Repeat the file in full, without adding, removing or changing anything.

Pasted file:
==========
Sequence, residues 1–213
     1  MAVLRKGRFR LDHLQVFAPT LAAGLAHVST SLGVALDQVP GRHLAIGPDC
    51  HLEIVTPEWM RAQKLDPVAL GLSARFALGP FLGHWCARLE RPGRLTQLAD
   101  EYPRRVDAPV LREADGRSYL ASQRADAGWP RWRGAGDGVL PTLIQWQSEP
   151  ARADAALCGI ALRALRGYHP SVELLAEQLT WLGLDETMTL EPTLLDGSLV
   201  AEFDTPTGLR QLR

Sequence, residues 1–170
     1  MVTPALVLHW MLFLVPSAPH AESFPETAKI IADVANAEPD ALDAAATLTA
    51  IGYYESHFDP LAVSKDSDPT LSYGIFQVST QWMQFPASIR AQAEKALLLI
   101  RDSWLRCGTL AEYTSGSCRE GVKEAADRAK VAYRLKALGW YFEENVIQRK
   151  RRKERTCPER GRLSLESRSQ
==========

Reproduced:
Sequence, residues 1–213
     1  MAVLRKGRFR LDHLQVFAPT LAAGLAHVST SLGVALDQVP GRHLAIGPDC
    51  HLEIVTPEWM RAQKLDPVAL GLSARFALGP FLGHWCARLE RPGRLTQLAD
   101  EYPRRVDAPV LREADGRSYL ASQRADAGWP RWRGAGDGVL PTLIQWQSEP
   151  ARADAALCGI ALRALRGYHP SVELLAEQLT WLGLDETMTL EPTLLDGSLV
   201  AEFDTPTGLR QLR

Sequence, residues 1–170
     1  MVTPALVLHW MLFLVPSAPH AESFPETAKI IADVANAEPD ALDAAATLTA
    51  IGYYESHFDP LAVSKDSDPT LSYGIFQVST QWMQFPASIR AQAEKALLLI
   101  RDSWLRCGTL AEYTSGSCRE GVKEAADRAK VAYRLKALGW YFEENVIQRK
   151  RRKERTCPER GRLSLESRSQ